Approaching effective advertising
Post all the ads you posted last year. Ahead. Get them out of your magazines or newspapers (if you are lucky enough to have proof sheets, all the better). Also remove the competitor's ads, as many as you can. Then hide company names, addresses, and logos. If company names are in the headlines, block them out with paper and tape. Now tape them to the wall, placing yours on top and your competitors' below. Now back off, at least five feet. Let's gradually get closer to the most effective announcement in the group (hopefully one of their own).
The view "Eye test"
First, and this is very important, don't read any of them. Instead, take a quick, visual look at them, what I call an "Eye Exam." Do your ads stand out? Or do they dissolve into the mass of equality? Remember, your audience will see your ad, not in a vacuum but with dozens of competitive ads in the same or similar magazines or newspapers. If your ads stand out, you're way ahead.
Enter, feel the image
Now get a little closer to your ads. Close enough to get the feel or image they project As a new salesperson walking through the door, the first thing people react to is the overall image they project. The same goes for advertising. The colors, the design, the typography must be consistent with the image of your company. A tennis shoe salesman can wear a referee shirt and whistle around his neck, a medical sales rep cannot. If your ads are in sync with your business image, you are one step closer to your audience and a sale.
Are you projecting a consistent appearance?
Then comes an equally important aspect: consistency. All your ads should project the same image. No, they do not have to have the same image or the same title. However, they should appear to all come from the same company. After all, this image is your "familiar face" in the crowd. It's also something he worked really hard to create. And it is exclusively yours, nobody else's. Like a good salesperson who finally walked in the door to make that first sale. I wouldn't dream of changing salespeople after that. If your ads appear to be coming from several different companies, your audience may assume that your product does. If your ads pass this test, effective advertising is within your grasp. Which is exactly where you need to be for the next step.
Arm length for positioning
One step away from your favorite ad campaign. The object of this test is to see how well you have positioned yourself. Yes, you can now read their ads, but not for details. How you position yourself should be pretty obvious when you finish the first paragraph. Positioning is basically how your audience perceives your product, service or company. For example, entrepreneurs, engineers, and students need computers, but each has a different idea of what computers can do for them. Advertise a computer to a businessman and it would be better positioned as a management or accounting tool. Students may better respond to an ad that features computers to aid in writing and studying. And engineers would be better persuaded to buy a computer if you positioned it as a design or research tool. In each case, the products are the same but the positioning creates a unique appeal for any given market. And the higher the appeal, the higher the sales. If you've done your research, your positioning should bring the reader a little closer to your ad and your product.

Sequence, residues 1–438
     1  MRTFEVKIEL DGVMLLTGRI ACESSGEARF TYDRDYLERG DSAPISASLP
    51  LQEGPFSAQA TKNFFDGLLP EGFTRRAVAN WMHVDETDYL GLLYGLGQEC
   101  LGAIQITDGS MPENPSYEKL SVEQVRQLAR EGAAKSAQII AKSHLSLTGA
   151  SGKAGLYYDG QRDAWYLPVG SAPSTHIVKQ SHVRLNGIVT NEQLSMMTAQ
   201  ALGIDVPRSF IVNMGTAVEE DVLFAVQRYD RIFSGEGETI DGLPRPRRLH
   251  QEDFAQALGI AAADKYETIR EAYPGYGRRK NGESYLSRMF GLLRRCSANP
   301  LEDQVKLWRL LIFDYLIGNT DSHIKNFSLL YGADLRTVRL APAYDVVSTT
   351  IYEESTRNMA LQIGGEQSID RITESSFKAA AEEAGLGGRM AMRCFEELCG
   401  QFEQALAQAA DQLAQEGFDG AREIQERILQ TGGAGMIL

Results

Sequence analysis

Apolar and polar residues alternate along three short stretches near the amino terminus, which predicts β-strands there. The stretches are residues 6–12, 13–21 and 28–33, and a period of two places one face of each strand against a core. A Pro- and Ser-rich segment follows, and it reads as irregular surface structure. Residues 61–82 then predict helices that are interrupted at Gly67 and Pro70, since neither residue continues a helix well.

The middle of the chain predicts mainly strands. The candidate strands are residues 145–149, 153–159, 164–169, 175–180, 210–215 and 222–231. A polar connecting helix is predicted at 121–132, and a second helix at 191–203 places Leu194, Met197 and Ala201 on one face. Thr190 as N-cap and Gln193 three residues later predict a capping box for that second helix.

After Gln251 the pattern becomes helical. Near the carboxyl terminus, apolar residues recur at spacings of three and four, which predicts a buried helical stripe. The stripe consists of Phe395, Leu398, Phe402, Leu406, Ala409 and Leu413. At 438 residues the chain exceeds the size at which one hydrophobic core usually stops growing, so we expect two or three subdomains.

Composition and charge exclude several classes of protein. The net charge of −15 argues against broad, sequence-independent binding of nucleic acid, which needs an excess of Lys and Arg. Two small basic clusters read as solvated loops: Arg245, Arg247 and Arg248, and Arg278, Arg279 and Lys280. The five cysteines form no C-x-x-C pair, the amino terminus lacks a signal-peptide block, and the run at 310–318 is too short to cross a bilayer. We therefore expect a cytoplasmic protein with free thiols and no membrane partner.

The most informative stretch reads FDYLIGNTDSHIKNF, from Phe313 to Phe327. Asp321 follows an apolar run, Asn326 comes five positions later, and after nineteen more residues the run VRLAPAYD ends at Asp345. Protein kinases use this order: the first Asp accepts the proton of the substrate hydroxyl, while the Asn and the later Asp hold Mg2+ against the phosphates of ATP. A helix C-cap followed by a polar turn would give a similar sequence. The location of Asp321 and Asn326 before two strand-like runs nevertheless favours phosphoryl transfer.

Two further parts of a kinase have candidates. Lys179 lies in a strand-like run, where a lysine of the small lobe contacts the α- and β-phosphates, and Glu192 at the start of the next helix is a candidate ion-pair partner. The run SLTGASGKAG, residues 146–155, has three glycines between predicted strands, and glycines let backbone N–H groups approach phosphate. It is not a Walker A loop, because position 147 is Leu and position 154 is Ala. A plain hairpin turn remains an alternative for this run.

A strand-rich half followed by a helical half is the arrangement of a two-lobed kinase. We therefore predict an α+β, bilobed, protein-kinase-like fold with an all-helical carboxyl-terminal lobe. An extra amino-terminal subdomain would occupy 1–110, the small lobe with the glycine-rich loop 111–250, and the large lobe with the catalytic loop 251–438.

Go to an ad
Now we are going to focus on an announcement. So pick your favorite and get close enough to read it comfortably. The title and image should answer the question "What's in it for me?" If you don't do it quickly and efficiently, your audience may miss it without even bothering to read it. Some of the best salespeople in the world begin their speech with a direct benefit to the customer, even before presenting the product. They have learned that customers want to know immediately what the product can do for them - the big profit. If the benefit of your product is buried in the body and your main image is a non-engaging product shot or a photo of the earth floating in space, your ad won't get far. And the sale will go to your competitor.
Ok, close-up time: the body of the text. You should "offset" or support the claim you made in the title by forcefully and effectively communicating the key benefits of your product. In essence, to
To do this, you will need to near the end of your ad. Close enough to read your call to action, which should be short and direct, leaving no doubt in the reader's mind about what to do after reading the ad: call, clip a coupon, circle a bingo card. It should also be clear what the reader can expect to receive: more information, schedule a demo, call a salesperson, get a test sample. The reader shouldn't have to get too close to read this either (don't write this or your phone number in fine print). Remember, when a salesperson places the order or gives their phone number, it is always loud and safe, never a whisper.
Obviously, there are many market, demographic and personal factors that we have not considered. But if you meet the key goals we presented, your audience can't help but get closer to your ad and your product. And that's what effective advertising is all about.